• Makes circular, vertical and horizontal lines
  • Imitates letters T and V
  • Begins to move wrist while painting
  • Paints dots, lines and circular shapes/strokes
little boy painting shapes
  • Manipulates playdough – squeezes, rolls, pulls and pounds it
  • Attempts to get dressed and undressed

3 to 4 Years

Most 3 to 4-year-olds develop the following fine motor skills:

  • Builds a tower of 9 or 10 blocks
  • Begins to build three-cube bridges from a model
  • Threads large beads onto a shoelace
  • Hammers nails and places pegs into a pegboard
  • Manipulates play dough and clay – rolls it, makes balls, snakes, cookies, etc.
girl making something with playdough
  • Copies circles and crosses
  • Copies letters V, H and T
  • Holds pencil near the point, between the first two fingers and thumb, and uses it with good control
  • Mostly uses the preferred hand
  • Draws a person with a head and one or two other features 
  • Enjoys painting at an easel with large brushes
  • Cuts with blunt-nosed scissors

4 to 5 Years

These are the fine motor milestones for 4 to 5-year-olds:

  • Uses fingers separately
  • Builds more complex towers of 10 or more cubes, with bridges of 3 blocks 
  • Cuts along a straight line
boy cutting with paper
  • Draws some basic shapes – circles, squares and triangles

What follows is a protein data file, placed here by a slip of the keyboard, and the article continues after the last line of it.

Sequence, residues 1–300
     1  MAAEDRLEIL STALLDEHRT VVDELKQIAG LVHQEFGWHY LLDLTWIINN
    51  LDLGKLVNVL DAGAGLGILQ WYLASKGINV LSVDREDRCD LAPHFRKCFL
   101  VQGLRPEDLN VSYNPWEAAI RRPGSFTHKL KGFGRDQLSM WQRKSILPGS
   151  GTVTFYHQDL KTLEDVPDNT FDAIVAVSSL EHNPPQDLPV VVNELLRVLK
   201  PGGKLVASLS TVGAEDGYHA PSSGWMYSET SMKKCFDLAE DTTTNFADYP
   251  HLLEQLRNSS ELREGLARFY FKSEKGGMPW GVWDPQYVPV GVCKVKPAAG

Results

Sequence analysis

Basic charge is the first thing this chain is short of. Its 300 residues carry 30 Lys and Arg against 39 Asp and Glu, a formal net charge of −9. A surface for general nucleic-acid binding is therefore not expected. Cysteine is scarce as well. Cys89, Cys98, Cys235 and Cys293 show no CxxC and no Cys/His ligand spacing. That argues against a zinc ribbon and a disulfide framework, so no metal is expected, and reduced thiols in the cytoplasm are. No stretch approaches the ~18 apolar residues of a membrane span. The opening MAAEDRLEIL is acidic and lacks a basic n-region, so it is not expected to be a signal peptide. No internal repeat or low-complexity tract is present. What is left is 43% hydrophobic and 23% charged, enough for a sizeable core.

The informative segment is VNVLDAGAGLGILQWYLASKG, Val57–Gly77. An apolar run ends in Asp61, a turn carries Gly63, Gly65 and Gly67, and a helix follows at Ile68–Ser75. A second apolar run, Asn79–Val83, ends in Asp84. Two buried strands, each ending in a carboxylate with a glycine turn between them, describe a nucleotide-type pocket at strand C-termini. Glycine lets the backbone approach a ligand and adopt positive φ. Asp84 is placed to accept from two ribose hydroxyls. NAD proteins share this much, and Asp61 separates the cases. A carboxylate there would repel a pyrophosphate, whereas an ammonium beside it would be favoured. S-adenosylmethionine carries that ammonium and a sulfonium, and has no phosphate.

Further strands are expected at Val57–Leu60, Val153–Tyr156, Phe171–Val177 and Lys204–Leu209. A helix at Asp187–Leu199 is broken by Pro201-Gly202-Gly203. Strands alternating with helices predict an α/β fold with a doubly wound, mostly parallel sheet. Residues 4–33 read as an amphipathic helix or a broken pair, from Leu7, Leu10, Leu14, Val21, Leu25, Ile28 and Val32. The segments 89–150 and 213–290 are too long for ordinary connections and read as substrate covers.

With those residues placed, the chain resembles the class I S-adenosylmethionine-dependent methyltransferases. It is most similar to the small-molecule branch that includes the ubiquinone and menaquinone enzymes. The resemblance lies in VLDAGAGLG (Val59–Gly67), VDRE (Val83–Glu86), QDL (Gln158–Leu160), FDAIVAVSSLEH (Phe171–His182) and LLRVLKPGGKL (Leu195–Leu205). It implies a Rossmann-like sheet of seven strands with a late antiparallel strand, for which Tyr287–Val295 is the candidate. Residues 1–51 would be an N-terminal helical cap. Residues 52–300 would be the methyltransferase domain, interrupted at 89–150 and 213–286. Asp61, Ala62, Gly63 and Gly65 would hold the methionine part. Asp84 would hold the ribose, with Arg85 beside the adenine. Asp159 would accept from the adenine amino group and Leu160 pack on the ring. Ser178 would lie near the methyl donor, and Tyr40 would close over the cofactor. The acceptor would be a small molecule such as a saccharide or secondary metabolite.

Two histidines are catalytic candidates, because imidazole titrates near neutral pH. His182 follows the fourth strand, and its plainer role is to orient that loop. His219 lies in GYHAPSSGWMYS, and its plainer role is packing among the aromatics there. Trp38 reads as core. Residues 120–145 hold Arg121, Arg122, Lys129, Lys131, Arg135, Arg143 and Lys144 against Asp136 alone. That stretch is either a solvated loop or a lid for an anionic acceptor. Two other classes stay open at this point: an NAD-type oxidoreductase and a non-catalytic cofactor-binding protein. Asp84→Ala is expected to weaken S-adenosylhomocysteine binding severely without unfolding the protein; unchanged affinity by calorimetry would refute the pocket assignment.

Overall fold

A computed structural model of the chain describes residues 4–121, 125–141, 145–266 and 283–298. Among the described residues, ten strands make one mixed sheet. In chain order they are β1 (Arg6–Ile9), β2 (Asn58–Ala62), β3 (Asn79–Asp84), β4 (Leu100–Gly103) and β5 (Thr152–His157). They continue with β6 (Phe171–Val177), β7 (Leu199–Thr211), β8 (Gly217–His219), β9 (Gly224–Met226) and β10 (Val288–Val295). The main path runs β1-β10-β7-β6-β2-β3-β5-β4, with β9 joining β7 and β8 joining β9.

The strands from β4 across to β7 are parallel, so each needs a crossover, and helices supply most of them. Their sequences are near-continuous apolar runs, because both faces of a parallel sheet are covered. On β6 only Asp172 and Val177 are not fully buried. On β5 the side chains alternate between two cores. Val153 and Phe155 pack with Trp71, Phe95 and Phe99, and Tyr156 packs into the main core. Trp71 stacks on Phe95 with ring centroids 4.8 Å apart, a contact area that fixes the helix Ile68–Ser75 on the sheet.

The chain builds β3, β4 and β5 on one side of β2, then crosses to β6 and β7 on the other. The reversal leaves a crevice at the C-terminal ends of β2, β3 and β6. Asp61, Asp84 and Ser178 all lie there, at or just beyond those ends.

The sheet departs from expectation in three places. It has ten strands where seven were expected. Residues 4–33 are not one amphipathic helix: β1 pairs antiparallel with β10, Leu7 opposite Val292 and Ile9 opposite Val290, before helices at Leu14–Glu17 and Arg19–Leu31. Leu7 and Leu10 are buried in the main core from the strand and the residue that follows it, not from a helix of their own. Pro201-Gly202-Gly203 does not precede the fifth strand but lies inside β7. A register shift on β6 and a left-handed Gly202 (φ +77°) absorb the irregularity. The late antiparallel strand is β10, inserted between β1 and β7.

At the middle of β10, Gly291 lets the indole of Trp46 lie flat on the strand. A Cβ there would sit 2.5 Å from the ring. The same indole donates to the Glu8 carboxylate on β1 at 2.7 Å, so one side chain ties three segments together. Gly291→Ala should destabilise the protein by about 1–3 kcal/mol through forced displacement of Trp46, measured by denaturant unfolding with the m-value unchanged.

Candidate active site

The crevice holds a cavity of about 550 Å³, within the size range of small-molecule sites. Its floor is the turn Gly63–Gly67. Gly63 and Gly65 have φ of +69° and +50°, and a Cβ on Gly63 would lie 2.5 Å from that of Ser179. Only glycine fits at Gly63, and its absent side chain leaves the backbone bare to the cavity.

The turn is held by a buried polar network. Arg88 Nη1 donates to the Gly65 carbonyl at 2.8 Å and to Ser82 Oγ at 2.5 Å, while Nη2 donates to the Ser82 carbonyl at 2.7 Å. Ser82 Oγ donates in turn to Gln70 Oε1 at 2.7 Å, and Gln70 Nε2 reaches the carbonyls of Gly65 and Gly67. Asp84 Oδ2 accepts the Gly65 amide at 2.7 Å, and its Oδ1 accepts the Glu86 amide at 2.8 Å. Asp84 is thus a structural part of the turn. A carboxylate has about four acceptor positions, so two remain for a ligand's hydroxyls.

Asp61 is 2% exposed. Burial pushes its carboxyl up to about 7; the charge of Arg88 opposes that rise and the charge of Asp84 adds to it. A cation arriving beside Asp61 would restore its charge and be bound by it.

• Copies crosses and letters V, H, T and O
  • Holds and uses a pencil with good control
  • Draws a person with head, trunk, legs, and usually arms and fingers
  • Draws a house
  • Opens and closes taps to wash hands
  • Puts toothpaste on a toothbrush with both hands
  • Better control when dressing

5 to 6 Years

Normal fine motor development for 5-year-olds includes the following skills:

  • Picks up and handles tiny objects
  • Builds 3 steps with 6 blocks, or 4 steps with 10 blocks, when shown
  • Cuts out simple shapes
  • Draws basic shapes, including diamonds
  • Copies first name
  • Copies numbers 1 to 5
  • Copies letters V, T, H, O, X, L, A, C, U and Y
  • Writes a few letters spontaneously
  • Holds a pencil with an adult grasp and has good control when drawing and writing with crayons, pencils and paintbrushes
  • Draws a person with head, trunk, arms, legs and features
  • Draws other pictures, such as a house with details (door, roof, windows, etc.)
  • Colours neatly and within the lines
  • Has established left or right-handedness
  • Cuts, pastes and glues materials
  • Counts the fingers on one hand with the index finger of the other
  • Threads and ties shoelaces
  • Laces (embroiders) with wool and a thick needle

Read about the importance of fine motor skills development in early childhood, as well as some simple fine motor development activities.

You can also introduce simple fine motor toys to help improve fine motor control.

This fine motor developmental milestones chart is a summary from the following sources:

Hendrick, H. 1990. Total Learning: Developmental Curriculum for the Young Child. Third Edition. Macmillan Publishing Company: New York.

Pieterse, M. 2007. Language and School Readiness. Metz Press: Welgemoed.

Sheridan, M. 1997. From Birth to Five Years: Children’s Developmental Progress. Routledge: London.